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Solutions for Chapter 3.11: Some Cycloalkanes Have Angle Strain

Organic Chemistry | 7th Edition | ISBN: 9780321803221 | Authors: Paula Yurkanis Bruice

Full solutions for Organic Chemistry | 7th Edition

ISBN: 9780321803221

Organic Chemistry | 7th Edition | ISBN: 9780321803221 | Authors: Paula Yurkanis Bruice

Solutions for Chapter 3.11: Some Cycloalkanes Have Angle Strain

Chapter 3.11: Some Cycloalkanes Have Angle Strain includes 3 full step-by-step solutions. This textbook survival guide was created for the textbook: Organic Chemistry, edition: 7. This expansive textbook survival guide covers the following chapters and their solutions. Since 3 problems in chapter 3.11: Some Cycloalkanes Have Angle Strain have been answered, more than 32787 students have viewed full step-by-step solutions from this chapter. Organic Chemistry was written by and is associated to the ISBN: 9780321803221.

Key Chemistry Terms and definitions covered in this textbook
  • Aufbau principle.

    As protons are added one by one to the nucleus to build up the elements, electrons similarly are added to the atomic orbitals. (7.9)

  • bond cleavage

    The breaking of a bond, either homolytically or heterolytically. bond dissociation energy (Sect. 6.1): The energy required to achieve homolytic bond cleavage (generating radicals).

  • chelating agent.

    A substance that forms complex ions with metal ions in solution. (23.3)

  • chemical properties

    Properties that describe a substance’s composition and its reactivity; how the substance reacts or changes into other substances. (Section 1.3)

  • conjugate base

    In an acid-base reaction, the product that results when an acid is deprotonated.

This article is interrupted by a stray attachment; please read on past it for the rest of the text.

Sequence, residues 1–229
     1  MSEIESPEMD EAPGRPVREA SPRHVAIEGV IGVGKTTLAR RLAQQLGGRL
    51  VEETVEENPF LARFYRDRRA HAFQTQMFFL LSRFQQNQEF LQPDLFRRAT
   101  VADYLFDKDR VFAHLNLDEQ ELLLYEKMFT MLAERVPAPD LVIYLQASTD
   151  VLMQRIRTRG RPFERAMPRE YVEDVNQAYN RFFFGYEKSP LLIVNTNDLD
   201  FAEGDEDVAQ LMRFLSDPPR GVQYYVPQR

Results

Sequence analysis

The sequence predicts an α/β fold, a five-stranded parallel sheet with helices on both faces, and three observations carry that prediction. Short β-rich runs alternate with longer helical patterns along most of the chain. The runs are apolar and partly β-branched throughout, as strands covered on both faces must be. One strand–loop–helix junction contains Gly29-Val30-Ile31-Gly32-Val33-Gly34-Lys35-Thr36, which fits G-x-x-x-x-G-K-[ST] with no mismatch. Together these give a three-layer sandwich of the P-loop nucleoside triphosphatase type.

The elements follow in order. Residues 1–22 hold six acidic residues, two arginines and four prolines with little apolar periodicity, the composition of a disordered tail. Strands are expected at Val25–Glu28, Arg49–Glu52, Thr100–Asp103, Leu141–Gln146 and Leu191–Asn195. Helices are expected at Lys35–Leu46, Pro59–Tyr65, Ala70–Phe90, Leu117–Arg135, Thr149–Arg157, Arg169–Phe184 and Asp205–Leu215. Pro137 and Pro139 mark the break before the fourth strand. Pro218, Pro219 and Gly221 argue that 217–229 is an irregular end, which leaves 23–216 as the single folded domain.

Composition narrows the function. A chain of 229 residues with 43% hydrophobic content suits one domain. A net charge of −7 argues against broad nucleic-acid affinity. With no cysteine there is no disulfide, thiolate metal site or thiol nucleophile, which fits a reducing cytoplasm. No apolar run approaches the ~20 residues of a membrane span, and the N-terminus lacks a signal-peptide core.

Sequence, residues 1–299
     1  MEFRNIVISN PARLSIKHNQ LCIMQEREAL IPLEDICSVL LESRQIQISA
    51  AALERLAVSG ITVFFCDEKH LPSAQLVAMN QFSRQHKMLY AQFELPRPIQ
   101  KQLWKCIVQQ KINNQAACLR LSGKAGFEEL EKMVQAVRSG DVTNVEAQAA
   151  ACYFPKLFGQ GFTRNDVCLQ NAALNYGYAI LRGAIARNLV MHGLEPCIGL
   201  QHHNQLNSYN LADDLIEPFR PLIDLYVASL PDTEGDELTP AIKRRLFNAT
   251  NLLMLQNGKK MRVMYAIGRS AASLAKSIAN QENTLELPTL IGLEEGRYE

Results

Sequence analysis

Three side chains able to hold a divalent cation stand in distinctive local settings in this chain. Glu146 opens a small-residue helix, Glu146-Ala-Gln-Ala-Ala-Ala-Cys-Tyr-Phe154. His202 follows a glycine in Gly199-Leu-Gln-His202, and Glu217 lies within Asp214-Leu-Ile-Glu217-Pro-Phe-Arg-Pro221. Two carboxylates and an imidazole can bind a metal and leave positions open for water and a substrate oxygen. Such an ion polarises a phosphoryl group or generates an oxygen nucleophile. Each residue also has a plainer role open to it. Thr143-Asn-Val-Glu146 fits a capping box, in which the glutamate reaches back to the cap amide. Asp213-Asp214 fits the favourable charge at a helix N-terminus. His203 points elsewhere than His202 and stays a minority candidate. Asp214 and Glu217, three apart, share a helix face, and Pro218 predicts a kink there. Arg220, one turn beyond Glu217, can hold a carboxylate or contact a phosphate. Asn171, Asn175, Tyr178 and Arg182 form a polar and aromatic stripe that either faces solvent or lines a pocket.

• Deactivating group

    Any substituent on a benzene ring that causes the rate of electrophilic aromatic substitution to be lower than that for benzene.

  • dilution

    The process of preparing a less concentrated solution from a more concentrated one by adding solvent. (Section 4.5)

  • electrophilic aromatic substitution

    A substitution reaction in which an aromatic proton is replaced by an electrophile and the aromatic moiety is preserved.

  • enantiomeric excess

    For a mixture containing two enantiomers, the difference between the percent concentration of the major enantiomer and the percent concentration of its mirror image.

  • glass transition temperature (Tg)

    The temperature at which noncrystalline polymers become very soft.

  • Heterolytic bond cleavage

    Cleavage of a bond so that one fragment retains both electrons and the other retains none.

  • hydrocarbons

    Compounds composed of only carbon and hydrogen. (Section 2.9)

  • molecularity

    The number of molecules that participate as reactants in an elementary reaction. (Section 14.6)

  • phenyl group

    A C6H5 group.

  • Regioselective reaction

    An addition or substitution reaction in which one of two or more possible products is formed in preference to all others that might be formed.

  • representative (main-group) element

    An element from within the s and p blocks of the periodic table (Figure 6.29). (Section 6.9)

  • Staggered conformation

    A conformation about a carbon-carbon single bond in which the atoms or groups on one carbon are as far apart as possible from atoms or groups on an adjacent carbon.

  • thiols

    Compounds containing a mercapto group (SH).

  • Transition state

    The highest energy point on a reaction coordinate diagram. The chemical structure at this point is commonly called an activated complex.

  • twist boat

    A conformation of cyclohexane that is lower in energy than a boat conformation but higher in energy than a chair conformation.

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